The “Brave New World” of the 21st Century requires a “Brave New Discipleship” strategy.

Troubles are Training Exercises in Disguise

Posted on: April 11, 2017


Imagine it is December 31, and you have made the New Year’s resolution to become physically fit. So you go down to the gym, purchase a membership, and ready yourself for a fitter future.

You take New Year’s Day off to enjoy the holiday and on January 2, you hit the gym. And there, to your surprise, are exercise machines!!!

“Exercise machines?” you think. “What are exercise machines doing here?!”

Then you look more closely. There’s a bicep machine. “I don’t want to work on biceps!” you say to yourself.  You turn left and there is a machine to work on your core. “Dumb machine. Core workouts are brutal. Who wants to do that?!”  You turn right and confront a machine to work out your quads. “Who wants to do quads?” you cry. “That kills!”

You stand there, bewildered. Everywhere you look are exercise machines. “Who wants all these stupid machines?” you wail. Why did you ever sign up for a gym membership? All it does is inflict pain!

Well, of course, no one would actually do this. We all know enough to understand that when you enroll in a gym, you are enrolling in strategic and progressive pain management, designed to take your unfit, flabby muscles and gradually turn them into fit and toned muscles, capable of feats of strength of which your previous body could only imagine.

Yet, we don’t seem to be able to make the mental transition to the spiritual world.

The reality is, when we become a Christian… or when we decide to get serious about our Christian life… we enter a spiritual gym. And inside that gym are spiritual exercise machines, placed there by God for the specific purpose of making us spiritually fit and powerful.

Instead of actual machines, however, there are life-experiences, designed to strengthen a given spiritual capacity.

There might be an unpleasant neighbor, designed to make you more patient and understanding, or a physical malady calculated to increase your compassion toward others. Or there might be a financial crisis intended to develop your eternal perspective, or a dead-end job, meant to strengthen your faith.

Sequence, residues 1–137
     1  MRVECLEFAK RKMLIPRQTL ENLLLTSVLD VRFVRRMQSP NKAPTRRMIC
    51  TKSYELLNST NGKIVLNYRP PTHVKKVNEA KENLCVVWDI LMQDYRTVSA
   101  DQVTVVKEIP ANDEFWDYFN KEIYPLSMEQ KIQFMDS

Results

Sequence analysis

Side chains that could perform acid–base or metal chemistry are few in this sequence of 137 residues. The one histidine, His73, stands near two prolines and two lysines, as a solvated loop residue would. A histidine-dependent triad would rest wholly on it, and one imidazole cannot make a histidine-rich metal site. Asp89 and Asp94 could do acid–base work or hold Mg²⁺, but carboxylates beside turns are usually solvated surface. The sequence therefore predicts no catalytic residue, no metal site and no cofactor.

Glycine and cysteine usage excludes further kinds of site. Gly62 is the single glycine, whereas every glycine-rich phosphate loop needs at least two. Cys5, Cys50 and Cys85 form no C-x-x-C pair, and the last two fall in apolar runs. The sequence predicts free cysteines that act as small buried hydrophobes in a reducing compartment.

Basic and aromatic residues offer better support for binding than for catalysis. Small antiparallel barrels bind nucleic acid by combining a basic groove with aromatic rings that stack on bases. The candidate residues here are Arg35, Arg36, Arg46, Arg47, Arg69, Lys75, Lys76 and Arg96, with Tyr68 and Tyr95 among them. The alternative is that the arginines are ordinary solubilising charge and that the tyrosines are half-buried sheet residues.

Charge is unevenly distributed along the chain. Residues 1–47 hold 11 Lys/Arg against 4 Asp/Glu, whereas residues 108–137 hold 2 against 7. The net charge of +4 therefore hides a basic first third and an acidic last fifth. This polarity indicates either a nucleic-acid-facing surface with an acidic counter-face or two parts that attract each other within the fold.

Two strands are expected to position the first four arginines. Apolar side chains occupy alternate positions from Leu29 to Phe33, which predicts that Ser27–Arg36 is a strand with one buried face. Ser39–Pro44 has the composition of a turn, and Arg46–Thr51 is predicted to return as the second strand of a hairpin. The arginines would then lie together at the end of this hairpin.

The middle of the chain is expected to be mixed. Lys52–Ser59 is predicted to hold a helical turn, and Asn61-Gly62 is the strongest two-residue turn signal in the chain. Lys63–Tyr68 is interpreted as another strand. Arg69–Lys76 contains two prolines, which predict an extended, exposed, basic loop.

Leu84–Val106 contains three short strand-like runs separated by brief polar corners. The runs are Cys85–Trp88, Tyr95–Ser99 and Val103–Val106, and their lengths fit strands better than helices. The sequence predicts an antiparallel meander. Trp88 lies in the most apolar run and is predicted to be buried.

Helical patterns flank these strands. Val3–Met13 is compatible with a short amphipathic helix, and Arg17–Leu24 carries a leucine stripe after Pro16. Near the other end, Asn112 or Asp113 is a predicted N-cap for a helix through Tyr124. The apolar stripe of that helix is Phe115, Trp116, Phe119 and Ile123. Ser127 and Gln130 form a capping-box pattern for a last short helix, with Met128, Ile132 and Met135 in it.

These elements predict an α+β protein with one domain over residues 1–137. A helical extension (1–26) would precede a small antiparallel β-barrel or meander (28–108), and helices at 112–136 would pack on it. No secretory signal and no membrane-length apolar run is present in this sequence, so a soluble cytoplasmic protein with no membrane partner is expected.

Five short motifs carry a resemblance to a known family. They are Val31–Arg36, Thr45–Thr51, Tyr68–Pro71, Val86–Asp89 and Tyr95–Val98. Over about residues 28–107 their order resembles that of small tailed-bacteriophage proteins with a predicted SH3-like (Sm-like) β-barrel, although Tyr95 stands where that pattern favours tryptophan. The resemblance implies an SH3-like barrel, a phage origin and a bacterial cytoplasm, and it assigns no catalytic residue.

As Christians, because we tend not to view life as a spiritual gymnasium… but rather, as our own Disney movie that is supposed to have just enough conflict to heighten our appreciation of the happy ending… we tend to resent trials and see them only as impediments to a full and happy life. Trials may cause us to wonder if God really loves us or if He is really good.

But if we view life as a spiritual gymnasium and the difficult experiences of life as spiritual exercise equipment, then we can actually welcome challenging experiences, knowing that they build spiritual strength.

It is as James said: “Consider it all joy, my brethren, when you encounter various trials, knowing that the testing of your faith produces endurance. But let endurance have its perfect result that you may be perfect and complete, lacking in nothing.” (James 1:2-4)

Frankly, it takes a very spiritually mature person to actually consider it joy when encountering trials. The Apostle James was way further down that road than many of us.

But one step toward that perspective is to at least see the spiritual potential of trials, to envision the eventual benefit of them, and to look forward to greater spiritual power and eternal reward as a result of going through them.

As we do that, we take a major step toward actually being able to consider it joy when we encounter trials.

The capacity to do this, of course, requires the development of an eternal perspective, viewing the things of earth in light of eternity. As long as we hang onto a temporal perspective, wanting this life to go only as we want and plan, trials will always be a cause for frustration and resentment.

Now, this is not to say that trials will ever be easy. If they were easy, they would not qualify as trials. But if they are viewed as spiritual exercise machines, designed to transform us into spiritually powerful persons, capable of greater love, deeper joy, fuller worship, and greater impact, then we can appreciate them for the results they will bring, rather than resent them.

And when we get to that point, we are a small step away from actually considering it all joy when we encounter various trials, knowing that the testing of our faith produces endurance… and letting endurance have its perfect result that we may be perfect and complete, lacking in nothing.


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